• Admissions to a group of 8 trauma centers were analyzed over a 3 year period, and included a total of 1112 patients
  • A total of 76% were taken directly to a Level I trauma center (scoop and run, 76%); 24% were transferred to the trauma center from another hospital (stay and play?).
  • Patients who were taken to a non-trauma center first received 3 times more IV crystalloid, 12 times more blood, and were nearly 4 times more likely to die!

Obviously, the cause of this increased mortality cannot be determined from the data. The authors speculate that patients may undergo more aggressive resuscitation with crystalloid and blood at the outside hospital making them look better than they really are, and then they die. Alternatively, they may have been under-resuscitated at the outside hospital, making it more difficult to ensure survival at the trauma center.

Bottom line: This is an interesting paper, but it’s kind of a mutant. When I think about the stay and play concent, I’m really thinking about delays going to a trauma center, not a non-trauma hospital fierst! And the authors never really define a “nontrauma hospital.” Does a Level III or IV center count? How did patients who stayed at the outside hospital do?

Obviously, a lot of work needs to be done to add detail to this particular paper. Tomorrow, I’ll look at this concept as it applies to patients with penetrating injury.

Reference: Scoop and run to the trauma center or stay and play at the local hospital: hospital transfer’s effect on mortality. J Trauma 69(3):595-601, 2010.

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Making The Trauma Team Time Out Even Better!

Over the past two days, I’ve discussed a method for optimizing the hand-off process between prehospital providers and the trauma team. Besides improving the quality and completeness of information exchange, it also fosters a good relationship between the two. All too often, the medics feel that “the trauma team is not listening to me” if the procedure is to move the patient onto the ED bed as quickly as possible.

And they are right! As soon as the patient hits the table, the trauma team starts doing what they do so well. It’s impossible for humans to multi-task, even though they think they can (look at texting and driving). We switch contexts with our brain, from looking at the patient to listening to EMS, back and forth. And it takes a few extra seconds to switch from one to the other. Team members will not be able to concentrate on the potentially important details that are being relayed.

What should you do if the team doesn’t want to wait?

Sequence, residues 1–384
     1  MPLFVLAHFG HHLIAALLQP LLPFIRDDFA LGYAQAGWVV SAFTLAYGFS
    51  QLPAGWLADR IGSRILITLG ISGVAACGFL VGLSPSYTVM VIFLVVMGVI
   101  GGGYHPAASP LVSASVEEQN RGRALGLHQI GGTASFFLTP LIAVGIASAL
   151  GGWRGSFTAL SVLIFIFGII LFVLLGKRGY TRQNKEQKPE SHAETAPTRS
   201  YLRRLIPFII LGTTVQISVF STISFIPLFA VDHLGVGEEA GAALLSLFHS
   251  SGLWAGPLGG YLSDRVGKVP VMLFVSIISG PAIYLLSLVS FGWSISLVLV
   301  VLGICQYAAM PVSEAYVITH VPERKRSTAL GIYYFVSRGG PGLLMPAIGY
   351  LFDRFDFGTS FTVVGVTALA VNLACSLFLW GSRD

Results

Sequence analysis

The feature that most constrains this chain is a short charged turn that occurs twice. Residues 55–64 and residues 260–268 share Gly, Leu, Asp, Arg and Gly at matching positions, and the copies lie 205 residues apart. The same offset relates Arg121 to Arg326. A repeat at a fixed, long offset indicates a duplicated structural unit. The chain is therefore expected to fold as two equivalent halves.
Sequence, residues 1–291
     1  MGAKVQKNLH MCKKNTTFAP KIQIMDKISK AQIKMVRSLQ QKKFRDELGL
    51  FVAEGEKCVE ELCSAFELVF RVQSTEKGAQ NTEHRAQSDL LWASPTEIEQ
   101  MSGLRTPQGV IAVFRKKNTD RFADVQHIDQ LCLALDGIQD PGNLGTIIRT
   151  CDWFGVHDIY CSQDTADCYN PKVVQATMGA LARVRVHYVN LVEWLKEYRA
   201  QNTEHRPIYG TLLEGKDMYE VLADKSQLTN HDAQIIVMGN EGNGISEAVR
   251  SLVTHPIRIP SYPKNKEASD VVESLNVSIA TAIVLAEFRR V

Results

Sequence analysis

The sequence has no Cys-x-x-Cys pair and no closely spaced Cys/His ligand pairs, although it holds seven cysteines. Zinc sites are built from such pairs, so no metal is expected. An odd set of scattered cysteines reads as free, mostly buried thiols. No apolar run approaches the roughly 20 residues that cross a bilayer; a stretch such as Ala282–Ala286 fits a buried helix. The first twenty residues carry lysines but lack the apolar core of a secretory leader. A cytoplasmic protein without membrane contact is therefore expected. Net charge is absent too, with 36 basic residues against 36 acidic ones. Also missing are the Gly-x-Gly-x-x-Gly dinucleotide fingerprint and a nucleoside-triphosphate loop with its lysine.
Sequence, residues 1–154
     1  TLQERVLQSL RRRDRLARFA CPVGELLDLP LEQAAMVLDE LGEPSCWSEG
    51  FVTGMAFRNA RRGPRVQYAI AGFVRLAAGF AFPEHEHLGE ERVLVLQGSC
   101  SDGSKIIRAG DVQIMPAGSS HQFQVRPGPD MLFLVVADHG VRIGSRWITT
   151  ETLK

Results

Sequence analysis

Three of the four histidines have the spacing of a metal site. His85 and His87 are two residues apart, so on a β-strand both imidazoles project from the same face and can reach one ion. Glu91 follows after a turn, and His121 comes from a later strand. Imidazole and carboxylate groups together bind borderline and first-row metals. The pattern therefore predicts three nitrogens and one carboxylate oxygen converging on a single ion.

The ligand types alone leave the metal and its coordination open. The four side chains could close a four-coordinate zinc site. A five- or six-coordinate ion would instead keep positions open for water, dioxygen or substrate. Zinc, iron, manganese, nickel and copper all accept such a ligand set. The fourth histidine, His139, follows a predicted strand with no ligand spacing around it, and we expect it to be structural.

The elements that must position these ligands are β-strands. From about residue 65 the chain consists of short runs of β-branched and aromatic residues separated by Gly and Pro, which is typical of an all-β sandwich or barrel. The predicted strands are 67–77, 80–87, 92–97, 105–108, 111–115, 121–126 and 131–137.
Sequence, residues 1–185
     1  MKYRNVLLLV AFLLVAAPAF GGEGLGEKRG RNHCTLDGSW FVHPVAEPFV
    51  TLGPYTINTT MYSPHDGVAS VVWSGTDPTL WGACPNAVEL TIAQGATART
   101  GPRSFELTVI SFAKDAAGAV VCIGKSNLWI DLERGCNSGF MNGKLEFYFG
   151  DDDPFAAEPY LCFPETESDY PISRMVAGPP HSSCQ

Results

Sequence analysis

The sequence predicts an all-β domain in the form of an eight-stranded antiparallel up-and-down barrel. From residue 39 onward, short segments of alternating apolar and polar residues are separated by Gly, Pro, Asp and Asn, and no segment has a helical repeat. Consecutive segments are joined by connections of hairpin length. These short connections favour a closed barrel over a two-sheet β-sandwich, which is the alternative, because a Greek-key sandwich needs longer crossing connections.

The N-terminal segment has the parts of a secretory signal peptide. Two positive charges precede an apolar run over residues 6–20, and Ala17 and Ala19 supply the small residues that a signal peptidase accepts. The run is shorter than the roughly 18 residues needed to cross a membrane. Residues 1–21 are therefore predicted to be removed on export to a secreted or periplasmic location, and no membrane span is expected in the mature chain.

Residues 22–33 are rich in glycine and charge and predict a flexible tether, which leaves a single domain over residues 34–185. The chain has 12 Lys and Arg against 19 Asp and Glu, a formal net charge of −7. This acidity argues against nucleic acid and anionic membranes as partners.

First, educate them. Except for those who are in extremis or arrest, the patient can wait on the EMS stretcher for 30 seconds. Nothing harmful is going to happen in that short period.

Then, create a hard stop. The easiest way to do this is to place a laminated copy of the timeout procedure on the ED bed. And the rule is that the card doesn’t move until the timeout is done. This is very similar to what happens in the OR. The process should take only 30 seconds, then it’s over and the team can start.

Here’s a copy of a sample TTA Timeout card:

Download a TTA timeout card

Modify it to suit your hospital and process, and try it out!

Thanks to the trauma team at Ridgeview Hospital in Waconia MN for telling me about this cool trick!

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Prehospital To Trauma Team Handoff: A Solution

I wrote about handoffs between EMS and the trauma team yesterday. It’s a problem at many hospitals. So what to do?

Let’s learn from our experience in the OR. Best practice in the operating room mandates a specific time out process that involves everyone in the OR. Each participant in the operation has to stop, identify the patient, state what the proposed procedure and location is, verify that the site is marked properly, and that they have carried out their own specific responsibilities (e.g. infused the antibiotic).

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Some trauma centers have initiated a similar process for their trauma team as well. Here’s how it works:

  • The patient is rolled into the resuscitation room by EMS personnel, but remains on the stretcher.
  • Any urgent cares continue, such as ventilation.
  • The trauma team leader is identified and the EMS lead gives a brief report while everyone in the room listens. The report consists of only mechanism, all identified injuries, vital signs (including pupils and GCS), any treatments provided. This should take no more than 30 seconds.
  • An opportunity for questions to be asked and answered is presented
  • The patient is moved onto the hospital bed and evaluation and treatment proceed as usual.
  • EMS personnel provide any additional information to the scribe, and may be available to answer any additional questions for a brief period of time.

Bottom line: This is an excellent way to improve the relationship between prehospital and trauma team while improving patient care. It should help increase the amount of clinically relevant information exchanged between care providers. Obviously, there will be certain cases where such a clean process is not possible (e.g. CPR in progress). I recommend that all trauma programs consider implementing this “Trauma Activation Time Out For EMS” concept.

Tomorrow, I’ll share a best practice to make this process even better!